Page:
Need more convincing to let dirty dishes be? When you prerinse, you’re wasting 20 gallons of water; your dishwasher uses only 4 to 5 gallons during its entire wash cycle. New dishwasher detergents are also formulated with enzymes that eat away at food residue, so you can bet your dishwasher—if it performs well in our ratings—will have no problem removing smeared sauce and mashed potatoes.
Don't Bother Scrubbing
It used to be that you had to scrub pots and pans by hand, but many of today's dishwashers add a "turbo jet" function to the wash cycle to do the job for you.
So go ahead and toss that lasagna pan into your dishwasher—it can handle it, and your hands will thank you.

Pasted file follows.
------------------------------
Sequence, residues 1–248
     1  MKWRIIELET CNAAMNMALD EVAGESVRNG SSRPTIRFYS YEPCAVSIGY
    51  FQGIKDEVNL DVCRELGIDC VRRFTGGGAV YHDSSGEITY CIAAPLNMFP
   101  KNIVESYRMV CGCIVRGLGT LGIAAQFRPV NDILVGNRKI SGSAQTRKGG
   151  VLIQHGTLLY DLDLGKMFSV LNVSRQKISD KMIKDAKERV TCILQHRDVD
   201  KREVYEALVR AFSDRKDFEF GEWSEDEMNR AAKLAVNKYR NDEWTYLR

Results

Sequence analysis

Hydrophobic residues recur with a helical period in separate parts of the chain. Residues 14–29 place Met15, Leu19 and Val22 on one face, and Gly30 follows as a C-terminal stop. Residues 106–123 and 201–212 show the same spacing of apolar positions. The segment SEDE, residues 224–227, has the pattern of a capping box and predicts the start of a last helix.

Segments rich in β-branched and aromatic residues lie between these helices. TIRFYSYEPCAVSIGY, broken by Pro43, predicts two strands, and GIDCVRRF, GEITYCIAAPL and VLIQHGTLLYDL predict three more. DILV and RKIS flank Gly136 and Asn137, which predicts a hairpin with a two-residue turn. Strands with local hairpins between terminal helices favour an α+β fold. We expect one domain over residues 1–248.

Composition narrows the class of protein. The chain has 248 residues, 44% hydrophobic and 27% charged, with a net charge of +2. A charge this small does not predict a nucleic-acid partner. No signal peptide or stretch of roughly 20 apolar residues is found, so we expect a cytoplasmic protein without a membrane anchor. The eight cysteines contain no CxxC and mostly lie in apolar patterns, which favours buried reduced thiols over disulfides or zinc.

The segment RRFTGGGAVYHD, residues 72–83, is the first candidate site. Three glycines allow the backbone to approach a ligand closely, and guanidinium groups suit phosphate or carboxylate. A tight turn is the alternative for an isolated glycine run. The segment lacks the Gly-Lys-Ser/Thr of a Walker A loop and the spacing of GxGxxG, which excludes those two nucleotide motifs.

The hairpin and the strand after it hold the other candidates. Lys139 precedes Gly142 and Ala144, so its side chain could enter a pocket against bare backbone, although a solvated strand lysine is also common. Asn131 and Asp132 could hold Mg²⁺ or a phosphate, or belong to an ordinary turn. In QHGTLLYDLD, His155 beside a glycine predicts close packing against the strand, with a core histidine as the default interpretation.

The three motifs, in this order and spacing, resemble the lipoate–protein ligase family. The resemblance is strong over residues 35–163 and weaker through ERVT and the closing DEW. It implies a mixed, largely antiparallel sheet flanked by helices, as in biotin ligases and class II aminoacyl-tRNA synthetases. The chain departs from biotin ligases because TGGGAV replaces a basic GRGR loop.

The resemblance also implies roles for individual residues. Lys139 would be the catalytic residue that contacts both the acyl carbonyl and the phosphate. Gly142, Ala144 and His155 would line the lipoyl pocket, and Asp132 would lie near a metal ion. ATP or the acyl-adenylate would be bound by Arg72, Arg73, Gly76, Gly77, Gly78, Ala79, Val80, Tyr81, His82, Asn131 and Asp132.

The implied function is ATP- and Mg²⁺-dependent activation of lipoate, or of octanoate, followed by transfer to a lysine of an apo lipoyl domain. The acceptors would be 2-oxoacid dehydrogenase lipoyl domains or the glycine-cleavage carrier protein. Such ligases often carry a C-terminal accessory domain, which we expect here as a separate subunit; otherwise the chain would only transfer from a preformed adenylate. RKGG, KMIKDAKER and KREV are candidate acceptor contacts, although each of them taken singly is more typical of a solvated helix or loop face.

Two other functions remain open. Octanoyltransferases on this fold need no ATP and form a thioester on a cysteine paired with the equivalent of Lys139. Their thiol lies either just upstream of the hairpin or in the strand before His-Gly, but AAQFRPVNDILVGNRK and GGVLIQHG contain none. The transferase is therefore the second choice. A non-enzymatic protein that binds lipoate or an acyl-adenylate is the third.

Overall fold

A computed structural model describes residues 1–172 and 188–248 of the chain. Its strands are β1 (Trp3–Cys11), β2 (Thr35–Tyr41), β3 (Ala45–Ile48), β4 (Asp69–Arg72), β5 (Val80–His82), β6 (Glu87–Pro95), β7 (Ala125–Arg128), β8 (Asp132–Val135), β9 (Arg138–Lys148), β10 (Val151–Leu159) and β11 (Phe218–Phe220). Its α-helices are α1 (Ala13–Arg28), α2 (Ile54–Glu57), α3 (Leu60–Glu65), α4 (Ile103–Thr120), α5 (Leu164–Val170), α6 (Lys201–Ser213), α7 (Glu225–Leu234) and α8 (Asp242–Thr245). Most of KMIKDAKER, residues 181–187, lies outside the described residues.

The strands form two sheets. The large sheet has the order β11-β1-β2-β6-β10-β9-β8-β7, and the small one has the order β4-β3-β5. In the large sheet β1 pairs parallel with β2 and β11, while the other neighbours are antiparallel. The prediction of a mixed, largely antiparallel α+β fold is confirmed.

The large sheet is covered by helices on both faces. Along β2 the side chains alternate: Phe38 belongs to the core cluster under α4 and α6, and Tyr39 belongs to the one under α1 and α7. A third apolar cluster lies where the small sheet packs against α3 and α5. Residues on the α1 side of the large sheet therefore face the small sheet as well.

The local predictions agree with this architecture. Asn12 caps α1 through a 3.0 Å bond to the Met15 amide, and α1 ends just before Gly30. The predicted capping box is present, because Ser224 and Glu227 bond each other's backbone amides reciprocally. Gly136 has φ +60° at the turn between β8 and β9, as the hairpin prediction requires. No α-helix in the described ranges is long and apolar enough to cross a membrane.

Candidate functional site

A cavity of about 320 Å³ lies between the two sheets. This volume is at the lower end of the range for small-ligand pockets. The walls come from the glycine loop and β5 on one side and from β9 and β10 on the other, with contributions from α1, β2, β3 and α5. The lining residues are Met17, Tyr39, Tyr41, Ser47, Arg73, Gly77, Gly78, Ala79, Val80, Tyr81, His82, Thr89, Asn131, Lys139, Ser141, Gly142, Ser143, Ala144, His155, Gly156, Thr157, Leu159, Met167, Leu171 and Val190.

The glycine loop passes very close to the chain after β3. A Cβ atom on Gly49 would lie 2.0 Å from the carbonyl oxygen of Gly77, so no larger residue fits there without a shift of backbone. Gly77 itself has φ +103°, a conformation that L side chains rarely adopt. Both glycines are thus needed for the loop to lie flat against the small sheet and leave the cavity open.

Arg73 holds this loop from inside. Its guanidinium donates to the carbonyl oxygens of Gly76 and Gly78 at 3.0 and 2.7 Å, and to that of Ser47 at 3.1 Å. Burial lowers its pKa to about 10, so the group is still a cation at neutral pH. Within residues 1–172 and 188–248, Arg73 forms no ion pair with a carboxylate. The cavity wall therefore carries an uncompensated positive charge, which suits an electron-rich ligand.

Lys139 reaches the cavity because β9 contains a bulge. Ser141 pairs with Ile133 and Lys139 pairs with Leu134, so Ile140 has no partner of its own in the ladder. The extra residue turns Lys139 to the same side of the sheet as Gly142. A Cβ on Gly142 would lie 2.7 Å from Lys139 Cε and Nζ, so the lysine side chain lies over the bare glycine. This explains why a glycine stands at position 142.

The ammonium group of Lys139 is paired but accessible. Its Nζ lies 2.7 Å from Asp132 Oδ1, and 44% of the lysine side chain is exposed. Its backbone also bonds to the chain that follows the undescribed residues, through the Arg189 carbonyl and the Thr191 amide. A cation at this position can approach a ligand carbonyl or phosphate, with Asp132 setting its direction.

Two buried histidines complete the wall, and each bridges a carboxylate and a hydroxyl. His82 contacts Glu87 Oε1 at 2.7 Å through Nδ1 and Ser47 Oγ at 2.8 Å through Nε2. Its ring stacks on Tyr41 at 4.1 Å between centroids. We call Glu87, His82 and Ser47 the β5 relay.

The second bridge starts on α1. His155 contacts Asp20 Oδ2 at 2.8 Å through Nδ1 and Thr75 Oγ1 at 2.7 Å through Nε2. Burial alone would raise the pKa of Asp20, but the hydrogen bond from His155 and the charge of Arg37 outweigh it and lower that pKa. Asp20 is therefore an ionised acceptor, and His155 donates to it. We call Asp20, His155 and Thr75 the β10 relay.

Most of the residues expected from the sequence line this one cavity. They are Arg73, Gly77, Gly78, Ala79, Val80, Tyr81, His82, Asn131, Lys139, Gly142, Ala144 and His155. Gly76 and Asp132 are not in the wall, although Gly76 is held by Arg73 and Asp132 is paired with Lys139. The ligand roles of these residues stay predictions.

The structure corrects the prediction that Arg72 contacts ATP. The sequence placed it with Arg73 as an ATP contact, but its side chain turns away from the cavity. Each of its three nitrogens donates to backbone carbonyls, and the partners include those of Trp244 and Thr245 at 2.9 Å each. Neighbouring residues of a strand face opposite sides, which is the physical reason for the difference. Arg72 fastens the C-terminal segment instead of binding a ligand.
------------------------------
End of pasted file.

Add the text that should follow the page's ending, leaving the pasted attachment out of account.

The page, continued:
“Targeted spray jets have had a big impact on cleaning,” says Ciufo. In CR's dishwasher tests, when we add these concentrated jets to a Normal cycle, the machine removes baked-on food better than the Normal cycle alone.
To take full advantage of a turbo/heavy cycle, check the owner's manual so that you load heavily soiled pots and pans properly.
Be Prepared to Wait
Dishwashers made before 1994 used 10 to 12 gallons of water per cycle per load. Today’s dishwashers use less than half that amount of water, due to federal standards. That's a plus for your water bill and the environment, but it also boosts wash time on the Normal cycle: from 1 hour, max, for earlier models to 3 hours for some of today's dishwashers.
You can cut cleaning time by choosing a shorter wash cycle, such as Half Load or Quick Wash.
“A Quick Wash may be all you need, for instance, when recycling appetizer plates as dessert plates during the same meal," Ciufo says.